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Unit information: Mathematics for Signal Processing and Communications in 2017/18

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Unit name Mathematics for Signal Processing and Communications
Unit code EENGM0014
Credit points 20
Level of study M/7
Teaching block(s) Teaching Block 4 (weeks 1-24)
Unit director Dr. Tassi
Open unit status Not open
Pre-requisites

Admission to PhD in Communications programme

Co-requisites

None

School/department Department of Electrical & Electronic Engineering
Faculty Faculty of Engineering

Description

While mathematics is core to Communications and Signal Processing, many students enter the discipline at postgraduate level lacking many of the fundamental skills and knowledge that enables them to maximise their research potential or contribution. The aim of this unit is to fill this void, initially targeted at students on the Centre for Doctoral Training in Communications. Target topics would be: a) Linear algebra, vector analysis, b) probability theory and random processes, c) graph theory d) optimization methods that form a good part of the mathematical foundations of communications systems, multimedia communication/processing, signals and systems. The basic mathematical essentials cover the following topics which will be addressed in this unit:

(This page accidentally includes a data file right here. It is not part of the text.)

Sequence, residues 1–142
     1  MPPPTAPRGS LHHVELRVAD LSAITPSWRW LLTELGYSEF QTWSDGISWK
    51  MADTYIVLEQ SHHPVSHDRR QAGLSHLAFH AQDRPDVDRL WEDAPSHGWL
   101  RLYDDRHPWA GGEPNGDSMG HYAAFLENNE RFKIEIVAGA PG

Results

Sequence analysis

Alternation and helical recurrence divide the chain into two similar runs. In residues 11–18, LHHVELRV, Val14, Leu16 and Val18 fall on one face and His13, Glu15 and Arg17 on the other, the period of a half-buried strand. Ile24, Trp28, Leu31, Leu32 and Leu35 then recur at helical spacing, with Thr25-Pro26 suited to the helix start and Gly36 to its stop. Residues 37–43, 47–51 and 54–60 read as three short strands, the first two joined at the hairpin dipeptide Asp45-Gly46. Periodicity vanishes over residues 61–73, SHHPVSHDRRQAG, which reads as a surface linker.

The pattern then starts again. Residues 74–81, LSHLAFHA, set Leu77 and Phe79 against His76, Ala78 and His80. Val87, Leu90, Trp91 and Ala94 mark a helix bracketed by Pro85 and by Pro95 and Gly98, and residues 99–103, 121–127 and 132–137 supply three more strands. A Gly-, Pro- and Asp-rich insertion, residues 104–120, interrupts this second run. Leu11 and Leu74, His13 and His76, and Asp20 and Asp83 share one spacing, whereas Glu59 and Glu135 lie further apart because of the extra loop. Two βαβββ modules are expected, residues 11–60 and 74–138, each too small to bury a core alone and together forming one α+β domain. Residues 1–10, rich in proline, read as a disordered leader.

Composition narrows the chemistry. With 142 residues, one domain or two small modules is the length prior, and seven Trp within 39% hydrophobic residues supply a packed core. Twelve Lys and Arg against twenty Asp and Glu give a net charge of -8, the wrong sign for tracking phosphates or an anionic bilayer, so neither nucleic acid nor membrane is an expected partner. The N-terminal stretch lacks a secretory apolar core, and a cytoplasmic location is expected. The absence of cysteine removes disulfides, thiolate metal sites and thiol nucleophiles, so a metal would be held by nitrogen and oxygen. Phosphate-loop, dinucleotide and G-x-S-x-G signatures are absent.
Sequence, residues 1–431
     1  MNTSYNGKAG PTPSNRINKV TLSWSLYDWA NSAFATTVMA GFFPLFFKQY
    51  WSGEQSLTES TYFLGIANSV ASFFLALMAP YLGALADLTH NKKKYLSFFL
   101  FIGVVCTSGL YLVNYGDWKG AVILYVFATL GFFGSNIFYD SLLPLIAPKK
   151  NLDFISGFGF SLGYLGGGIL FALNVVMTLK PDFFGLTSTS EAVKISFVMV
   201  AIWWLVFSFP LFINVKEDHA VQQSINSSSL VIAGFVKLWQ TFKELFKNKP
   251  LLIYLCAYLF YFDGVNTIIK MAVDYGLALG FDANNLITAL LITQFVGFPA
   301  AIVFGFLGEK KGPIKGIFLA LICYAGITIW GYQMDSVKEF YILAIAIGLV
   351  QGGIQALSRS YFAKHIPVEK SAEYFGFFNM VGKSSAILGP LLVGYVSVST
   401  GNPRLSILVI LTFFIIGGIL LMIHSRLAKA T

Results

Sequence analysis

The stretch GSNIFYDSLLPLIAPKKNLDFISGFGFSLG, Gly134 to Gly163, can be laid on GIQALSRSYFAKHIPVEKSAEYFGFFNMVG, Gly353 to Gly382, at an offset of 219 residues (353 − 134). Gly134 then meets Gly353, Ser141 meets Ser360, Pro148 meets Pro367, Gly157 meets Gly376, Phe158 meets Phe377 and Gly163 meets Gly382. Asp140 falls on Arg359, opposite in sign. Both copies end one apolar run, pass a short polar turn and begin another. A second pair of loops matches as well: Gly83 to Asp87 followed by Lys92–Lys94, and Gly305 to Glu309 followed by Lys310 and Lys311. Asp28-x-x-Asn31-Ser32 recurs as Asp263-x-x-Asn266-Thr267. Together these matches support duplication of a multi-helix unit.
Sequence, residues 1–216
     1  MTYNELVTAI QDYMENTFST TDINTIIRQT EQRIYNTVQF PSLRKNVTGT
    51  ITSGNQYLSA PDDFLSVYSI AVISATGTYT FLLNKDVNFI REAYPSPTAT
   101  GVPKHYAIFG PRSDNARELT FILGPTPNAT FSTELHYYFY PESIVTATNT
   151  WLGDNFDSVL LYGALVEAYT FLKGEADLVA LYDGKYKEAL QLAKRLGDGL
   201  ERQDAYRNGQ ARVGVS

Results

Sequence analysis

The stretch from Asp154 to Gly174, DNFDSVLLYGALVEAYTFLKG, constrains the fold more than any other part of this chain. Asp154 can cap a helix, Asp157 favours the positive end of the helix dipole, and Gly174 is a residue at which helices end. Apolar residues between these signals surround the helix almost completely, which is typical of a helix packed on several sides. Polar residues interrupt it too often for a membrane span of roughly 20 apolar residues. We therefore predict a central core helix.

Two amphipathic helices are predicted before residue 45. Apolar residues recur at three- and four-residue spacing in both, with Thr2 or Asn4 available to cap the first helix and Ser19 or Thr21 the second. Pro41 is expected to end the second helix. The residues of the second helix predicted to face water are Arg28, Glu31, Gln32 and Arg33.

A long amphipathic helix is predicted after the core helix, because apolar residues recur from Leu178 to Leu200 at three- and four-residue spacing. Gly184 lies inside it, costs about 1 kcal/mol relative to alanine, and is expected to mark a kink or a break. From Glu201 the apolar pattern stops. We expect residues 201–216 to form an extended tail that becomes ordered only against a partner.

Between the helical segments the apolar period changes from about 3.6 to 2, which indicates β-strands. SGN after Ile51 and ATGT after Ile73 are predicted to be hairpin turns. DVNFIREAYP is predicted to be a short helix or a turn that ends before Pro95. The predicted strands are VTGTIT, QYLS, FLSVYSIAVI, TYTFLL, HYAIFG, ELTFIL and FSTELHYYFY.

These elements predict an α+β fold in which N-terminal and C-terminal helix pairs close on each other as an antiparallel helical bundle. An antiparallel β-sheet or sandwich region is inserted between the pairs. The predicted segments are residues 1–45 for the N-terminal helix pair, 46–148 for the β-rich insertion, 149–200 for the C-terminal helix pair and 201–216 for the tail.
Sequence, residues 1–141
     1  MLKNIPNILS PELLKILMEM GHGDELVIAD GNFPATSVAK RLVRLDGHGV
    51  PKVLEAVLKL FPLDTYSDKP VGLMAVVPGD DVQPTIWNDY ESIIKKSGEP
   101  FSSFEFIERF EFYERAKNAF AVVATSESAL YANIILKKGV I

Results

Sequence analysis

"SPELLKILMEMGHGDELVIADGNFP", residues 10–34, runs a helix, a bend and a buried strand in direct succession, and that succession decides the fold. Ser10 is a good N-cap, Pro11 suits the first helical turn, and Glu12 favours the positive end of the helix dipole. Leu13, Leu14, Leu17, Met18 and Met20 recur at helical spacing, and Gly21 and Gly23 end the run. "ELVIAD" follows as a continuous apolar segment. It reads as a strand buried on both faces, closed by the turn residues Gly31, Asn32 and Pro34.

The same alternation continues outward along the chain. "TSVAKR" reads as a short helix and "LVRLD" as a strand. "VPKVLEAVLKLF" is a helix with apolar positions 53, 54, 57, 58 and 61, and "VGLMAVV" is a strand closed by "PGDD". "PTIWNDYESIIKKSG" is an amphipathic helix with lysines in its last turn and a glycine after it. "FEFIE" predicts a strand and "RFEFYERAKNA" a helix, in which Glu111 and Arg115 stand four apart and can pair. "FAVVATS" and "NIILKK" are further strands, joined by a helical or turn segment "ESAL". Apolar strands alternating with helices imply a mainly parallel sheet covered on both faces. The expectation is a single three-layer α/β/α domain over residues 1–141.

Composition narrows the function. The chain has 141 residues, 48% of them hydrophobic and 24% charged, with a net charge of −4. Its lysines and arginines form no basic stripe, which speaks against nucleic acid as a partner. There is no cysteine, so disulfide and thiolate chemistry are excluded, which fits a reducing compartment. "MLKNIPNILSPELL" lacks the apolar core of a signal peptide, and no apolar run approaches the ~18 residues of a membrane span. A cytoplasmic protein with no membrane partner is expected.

Revisiting Linear Algebra and Vector Analysis: The properties and manipulation/decomposition of a matrix, linear transformations, orthogonality and bases, systems of equations and solutions, Eigen values and Eigen vectors, principle component analysis QR and single value decomposition.

Probability and Random Processes: Randomness is inherent to physical systems, and plays a particular important role in communications and networking, grounded in Information Theory, a probabilistic theory that describes the fundamental limits on communication imposed by random noise in communication and storage media, as well as implications for secure communications and network design and deployment. This part will cover probability axioms, conditional probabilities and independence, Bayes theorem, distribution types, random variables, random vectors, probability density functions, correlation and covariance; random processes, stationarity, ergodicity, power spectral density, Gaussian random processes, sampling and reconstruction, power spectral density, modelling of data sets, least squares and maximum likelihoods, nonlinear models, confidence limits, robust estimation, polynomial interpolation and extrapolation, cubic spines, dimensionality aspects.

Graph Theory: Graph theory has emerged in recent years as an important topic in communications engineering and signal processing, relevant to a wide range of topics such as network analysis and design and cross media analytics: Types of graphs, properties, paths and circuits, trees, topologies, graph clustering, linear algebra in graph analysis.